In Fall 2009, the Health Sciences Branch (HSB) Library initiated a reference training program using wiki technology to provide basic reference services during all library hours, promote a uniform level of reference expertise, and develop staff competencies and skills. Implementation results have been promising as staff consistently exhibit more confidence when addressing reference questions and engaging in larger professional library issues. HSB is part of the University of the Pacific Library (Stockton, California) and primarily serves the Pharmacy, Physical Therapy, Speech-Language Pathology, and Dental Hygiene Departments. HSB is staffed with one Sciences Librarian and two paraprofessional employees. HSB requires branch employees to share and assume various job duties and responsibilities, due to staffing concerns and the availability of the Science Librarian, who has subject liaison duties outside of Health Sciences, as well as obligations to the Main Library. To maximize staff presence and reference capabilities at HSB, reference training was implemented for the branch’s two paraprofessional employees. A wiki format was selected to collocate different resources and formats in a single location. The collaborative functions of the wiki complemented the branch's egalitarian organizational structure. Each staff member selected materials of interest and augmented the wiki conversation with their previous experiences. Content on the wiki was user-driven, as participants were able to dictate the materials featured on the wiki. For the staff, prominent benefits of using the wiki include the encouragement and exchange of dialogue, self-selected materials generated from personal interests, archival abilities, asynchronous communication, and a collaborative and constructivist learning environment.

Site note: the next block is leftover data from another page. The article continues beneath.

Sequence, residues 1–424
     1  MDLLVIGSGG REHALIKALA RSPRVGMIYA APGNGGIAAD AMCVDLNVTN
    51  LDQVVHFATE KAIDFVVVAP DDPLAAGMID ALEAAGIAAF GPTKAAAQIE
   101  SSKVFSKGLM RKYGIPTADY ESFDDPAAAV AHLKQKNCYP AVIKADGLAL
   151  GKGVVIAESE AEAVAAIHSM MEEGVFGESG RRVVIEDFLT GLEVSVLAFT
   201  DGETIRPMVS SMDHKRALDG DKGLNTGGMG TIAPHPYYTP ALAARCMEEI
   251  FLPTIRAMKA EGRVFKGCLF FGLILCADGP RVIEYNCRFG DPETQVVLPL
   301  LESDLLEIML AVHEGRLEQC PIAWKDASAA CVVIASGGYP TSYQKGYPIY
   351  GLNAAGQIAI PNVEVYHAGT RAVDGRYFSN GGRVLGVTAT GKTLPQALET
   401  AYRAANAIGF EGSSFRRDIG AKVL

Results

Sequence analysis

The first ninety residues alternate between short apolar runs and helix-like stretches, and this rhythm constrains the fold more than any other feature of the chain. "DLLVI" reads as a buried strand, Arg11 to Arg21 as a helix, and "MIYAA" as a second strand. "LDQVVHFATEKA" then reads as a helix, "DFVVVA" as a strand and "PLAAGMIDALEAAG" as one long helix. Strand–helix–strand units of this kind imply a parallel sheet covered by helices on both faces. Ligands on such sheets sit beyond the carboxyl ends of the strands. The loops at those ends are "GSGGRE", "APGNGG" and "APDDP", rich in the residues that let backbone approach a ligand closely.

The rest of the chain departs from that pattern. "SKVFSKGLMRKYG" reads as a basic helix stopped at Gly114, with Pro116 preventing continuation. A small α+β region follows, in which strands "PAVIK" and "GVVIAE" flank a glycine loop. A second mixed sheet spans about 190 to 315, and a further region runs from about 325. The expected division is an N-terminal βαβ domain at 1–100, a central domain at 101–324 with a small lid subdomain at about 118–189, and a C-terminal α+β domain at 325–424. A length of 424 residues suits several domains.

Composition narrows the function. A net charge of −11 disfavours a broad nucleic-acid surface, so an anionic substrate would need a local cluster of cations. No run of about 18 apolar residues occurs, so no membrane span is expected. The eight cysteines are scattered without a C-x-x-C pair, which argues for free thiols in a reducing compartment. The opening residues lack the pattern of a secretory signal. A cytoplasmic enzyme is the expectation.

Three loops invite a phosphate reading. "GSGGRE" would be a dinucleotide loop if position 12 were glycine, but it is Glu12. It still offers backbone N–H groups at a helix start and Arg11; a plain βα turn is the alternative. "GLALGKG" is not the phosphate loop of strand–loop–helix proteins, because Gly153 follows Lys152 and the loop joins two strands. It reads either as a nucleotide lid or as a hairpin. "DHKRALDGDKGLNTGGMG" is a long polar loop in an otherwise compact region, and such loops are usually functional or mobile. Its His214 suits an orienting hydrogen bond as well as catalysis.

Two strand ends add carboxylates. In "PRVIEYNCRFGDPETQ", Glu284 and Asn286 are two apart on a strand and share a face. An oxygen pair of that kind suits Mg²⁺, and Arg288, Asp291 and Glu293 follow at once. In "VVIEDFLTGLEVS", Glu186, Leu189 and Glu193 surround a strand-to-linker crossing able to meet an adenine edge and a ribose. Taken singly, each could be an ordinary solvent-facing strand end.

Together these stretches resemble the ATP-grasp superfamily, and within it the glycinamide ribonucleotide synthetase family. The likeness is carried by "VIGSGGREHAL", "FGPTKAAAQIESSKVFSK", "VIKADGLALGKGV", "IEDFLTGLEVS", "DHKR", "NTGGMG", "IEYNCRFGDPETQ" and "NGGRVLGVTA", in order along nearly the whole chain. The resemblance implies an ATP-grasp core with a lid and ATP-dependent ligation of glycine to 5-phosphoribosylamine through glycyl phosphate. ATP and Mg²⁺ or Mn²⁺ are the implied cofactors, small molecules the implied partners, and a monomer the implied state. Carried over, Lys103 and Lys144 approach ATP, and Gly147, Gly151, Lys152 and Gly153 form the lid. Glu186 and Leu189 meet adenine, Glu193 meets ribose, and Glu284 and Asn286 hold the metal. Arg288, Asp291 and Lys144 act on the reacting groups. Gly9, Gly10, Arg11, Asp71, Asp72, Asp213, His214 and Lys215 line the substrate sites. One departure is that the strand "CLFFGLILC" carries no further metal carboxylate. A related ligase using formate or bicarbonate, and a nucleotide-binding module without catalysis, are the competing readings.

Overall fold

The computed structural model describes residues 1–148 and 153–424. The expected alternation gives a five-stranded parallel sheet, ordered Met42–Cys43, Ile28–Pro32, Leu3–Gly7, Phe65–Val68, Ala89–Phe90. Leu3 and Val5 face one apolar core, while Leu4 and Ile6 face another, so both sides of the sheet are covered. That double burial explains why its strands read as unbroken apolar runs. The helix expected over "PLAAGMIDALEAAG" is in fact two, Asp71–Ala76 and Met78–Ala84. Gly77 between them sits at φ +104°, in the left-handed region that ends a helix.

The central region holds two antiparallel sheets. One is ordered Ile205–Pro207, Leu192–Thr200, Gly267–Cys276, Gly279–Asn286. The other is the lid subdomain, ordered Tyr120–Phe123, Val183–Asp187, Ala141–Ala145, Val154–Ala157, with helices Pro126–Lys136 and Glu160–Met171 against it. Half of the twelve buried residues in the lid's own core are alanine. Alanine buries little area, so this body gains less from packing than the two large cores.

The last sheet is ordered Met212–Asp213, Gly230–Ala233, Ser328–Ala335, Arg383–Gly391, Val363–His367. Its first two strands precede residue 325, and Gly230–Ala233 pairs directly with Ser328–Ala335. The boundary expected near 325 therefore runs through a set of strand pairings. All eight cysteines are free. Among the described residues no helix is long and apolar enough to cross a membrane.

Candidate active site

In a time of transformation in the library profession, teaching or bringing knowledge out to patrons is seen as central to the future. The main form of library teaching remains the “one-shot” library session in which students are handed off from an instructor to a librarian who answers research questions. However, this transfer is hobbled by a major omission. Most library instruction consists of directing students to online databases and demonstrating how to select results and retrieve them. Very little attention is given to creating search statements that generate results in the first place. Having taught writing at the college level for 20 years as well as my share of library instruction sessions, I can say that writing teachers pay no attention to the formulation of keywords and search statements since they regard this as the purview of librarians. Librarians consider subject knowledge as the source of keywords. As a result, there is no instruction on formulating keywords at all, and students founder at the beginning of their search process. Studies show that this is a serious problem that is likely to get worse. The student population is socialized to the internet. As a result, they privilege keywords over directories and subject headings, and they favor the use of few, disconnected keywords over longer search statements. Studies indicate that 50% of student searches fail to find anything. The body of techniques available for generating keywords is limited: Boolean searching, concept mapping, synonyms, and broadening and narrowing search terms. Each has its uses and limitations although none really addresses the need that exists. The paper will discuss a specific exercise for generating keywords and speculate on the reasons for its success. These include principles of visual literacy and ways to cooperate with writing instructors in the teaching of critical thinking.